Food and beverage stories
Our whisky is world’s best again
A Tasmanian whisky has been named best in the world again – even beating the Scots at their own game.
Put simply: in the competitive world of whisky there is no global award that is more coveted, more prized, or more highly regarded.
As Sullivans Cove Head Distiller, Patrick Maguire, explained: “This award is like Wimbledon for whisky producers.
“It is the impressive one that everyone wants to win.
“So yes, right now, I can say our whisky is the best in the world.”
When we spoke to Mr Maguire he was straight off the plane from London and still in disbelief that Sullivans Cove had beaten the world’s best whisky producers – including heavyweights from Scotland and Japan.
“It blows my mind that our tiny little distillery at the other end of the world won,” he said.
“The win is obviously wonderful for Sullivans Cove, but just as importantly it is very significant for Tasmania’s whisky industry.
“This will seal the deal for us. Putting the state even more firmly on the map as a serious whisky producer.”
Sullivans Cove is the second oldest whisky distillery in Tasmania – established in 1994 – and the win proves the company is no one-trick pony.
This is the second major global accolade for Sullivans Cove, which also took home World’s Best Single Malt Whisky at the same awards in 2014, a first for any distillery outside Scotland or Japan.
Mr Maguire points out they were “over the moon when we won in 2014, but this latest one even tops that.”
And the secret of cask number HH0351?
One thousand whiskies were blind-tested by a panel of international experts: “I think the judges really enjoyed the fact our whisky has a full-flavoured robust taste,” Mr Maguire said.
“It is very buttery and with a creamy flavour that sits on the tongue and lasts for ages.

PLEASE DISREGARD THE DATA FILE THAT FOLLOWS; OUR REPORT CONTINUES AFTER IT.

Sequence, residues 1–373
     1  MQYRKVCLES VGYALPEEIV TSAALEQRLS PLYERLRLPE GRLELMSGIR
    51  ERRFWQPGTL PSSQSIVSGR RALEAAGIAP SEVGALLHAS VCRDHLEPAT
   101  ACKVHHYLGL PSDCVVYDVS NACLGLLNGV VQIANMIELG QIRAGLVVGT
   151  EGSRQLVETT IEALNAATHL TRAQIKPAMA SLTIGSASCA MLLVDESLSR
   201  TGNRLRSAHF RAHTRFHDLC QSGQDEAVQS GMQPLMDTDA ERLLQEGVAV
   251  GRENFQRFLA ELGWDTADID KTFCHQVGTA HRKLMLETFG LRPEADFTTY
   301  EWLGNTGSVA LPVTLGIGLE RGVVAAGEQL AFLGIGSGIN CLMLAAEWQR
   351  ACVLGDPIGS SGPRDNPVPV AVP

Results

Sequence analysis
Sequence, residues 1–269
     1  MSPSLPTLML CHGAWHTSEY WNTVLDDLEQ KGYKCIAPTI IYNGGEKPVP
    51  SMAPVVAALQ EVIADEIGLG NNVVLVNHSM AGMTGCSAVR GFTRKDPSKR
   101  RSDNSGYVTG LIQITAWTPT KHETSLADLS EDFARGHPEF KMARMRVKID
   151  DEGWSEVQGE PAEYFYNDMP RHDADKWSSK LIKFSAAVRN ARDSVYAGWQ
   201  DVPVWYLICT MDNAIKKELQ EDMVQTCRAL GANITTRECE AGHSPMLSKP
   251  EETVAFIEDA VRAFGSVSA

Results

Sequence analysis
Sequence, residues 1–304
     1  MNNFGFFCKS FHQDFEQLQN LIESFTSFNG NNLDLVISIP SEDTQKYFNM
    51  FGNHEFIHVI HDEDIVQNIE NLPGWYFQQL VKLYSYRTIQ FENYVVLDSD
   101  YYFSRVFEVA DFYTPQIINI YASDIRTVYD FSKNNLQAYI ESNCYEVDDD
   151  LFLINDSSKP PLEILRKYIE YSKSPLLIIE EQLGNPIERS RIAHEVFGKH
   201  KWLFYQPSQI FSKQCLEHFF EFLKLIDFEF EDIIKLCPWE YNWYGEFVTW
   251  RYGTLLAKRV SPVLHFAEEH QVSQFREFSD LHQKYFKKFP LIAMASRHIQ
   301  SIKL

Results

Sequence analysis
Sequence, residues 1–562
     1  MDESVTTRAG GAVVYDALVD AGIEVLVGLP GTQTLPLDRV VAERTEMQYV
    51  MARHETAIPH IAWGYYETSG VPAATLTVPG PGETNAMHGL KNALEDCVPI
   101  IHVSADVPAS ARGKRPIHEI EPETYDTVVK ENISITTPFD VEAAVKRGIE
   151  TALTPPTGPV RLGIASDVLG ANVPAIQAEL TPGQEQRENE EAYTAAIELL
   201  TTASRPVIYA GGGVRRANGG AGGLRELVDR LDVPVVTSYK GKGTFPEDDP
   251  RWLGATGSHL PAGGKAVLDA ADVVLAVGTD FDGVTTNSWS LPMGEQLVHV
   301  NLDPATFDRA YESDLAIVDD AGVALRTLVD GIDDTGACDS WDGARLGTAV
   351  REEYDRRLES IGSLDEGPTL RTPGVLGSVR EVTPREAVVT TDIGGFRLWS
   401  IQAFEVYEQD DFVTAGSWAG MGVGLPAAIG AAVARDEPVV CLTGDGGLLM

“This is all down to the fact that we don’t over process. We make whiskies the slow old-fashioned way.”
Aged in an American Oak ex-bourbon barrel, it took almost 17 years to produce cask HH0351. The whisky was distilled in June 2000 and decanted in January 2017.
There are only 136 bottles.
However, Mr Maguire also said the magic lies in Tasmania itself: the pristine water that flows down from our mountains and the local malted barley that creates spirits that are among the best anywhere.
Mr Maguire is one of the founding fathers of Tasmania’s whisky industry which numbers some 32 distilleries.
He reminisces about days experimenting in the kitchen and ‘making a bit of whisky’ with Bill Lark – who went on to set-up the pioneering Lark Distillery – before there was even any mention of a Tasmanian whisky industry.
“We could never have imagined back then that one day the world would see us as a 'serious' whisky-producing region,” he said.
Meantime, Sullivans Cove may have taken out ‘top gong’ at the London Awards, but there was also a big honour on the night for Burnie based, Hellyers Road Distillery.
Long-serving staff member, Sharon Deane, was declared a ‘World Whisky Icon’. Ms Deane who manages the visitor centre told The Advocate: “The award is attributable to the outstanding team we have working for us at Hellyers Road Distillery.”
However, it should also be noted that during the earlier rounds of the World Whiskies Awards there was a strong showing from other Tasmanian distilleries, proving just how 'serious' our local industry has become.
Previous rounds saw accolades for Hellyers Road: a gold medal for Henry’s Legacy Dismal Swamp (Single Cask Single Malt Australian Category), gold also for Slightly Peated (Single Malt Australian No Age) and a silver medal for Master Series Port Cask Matured (Single Cask Single Malt Australian 12 and Under).
Hobart based Lark Distillery was also the recipient of a prestigious award: a win for Limited Release: Port Cask 1ND30 (Single Cask Single Malt Australian 12 and under).
As for Sullivans Cove: they also had a win with Double Cask DC087 (Single Malt Australian 13-20) and received a gold medal for Winter Feast 2017 (Single Malt Australian No Age).
The Old Hobart Distillery, at Blackmans Bay, should also be congratulated for making it into the first round of the awards: a win for Overeem Port Cask (Single Cask Single Malt No Age).
With such an impressive array of award-winning Tasmanian tipple, even the most fastidious of whisky lovers is surely left spoilt for choice.
As Patrick Maguire: said “No other drink captures people’s imagination like whisky. That is because it is so complex; every whisky is different and every distillery has its own signature.”
If you would like to explore Tasmania’s boutique distilleries, meet the makers and taste their ‘signature’ wonderful whiskies, why not follow The Tasmanian Whisky Trail? For more information visit: taswhiskytrail.
Image courtesy of Sullivans Cove Distillery
To hear about Tasmania’s previous major wins at the World Whisky Awards watch these videos:
11 April 2018, Edition 193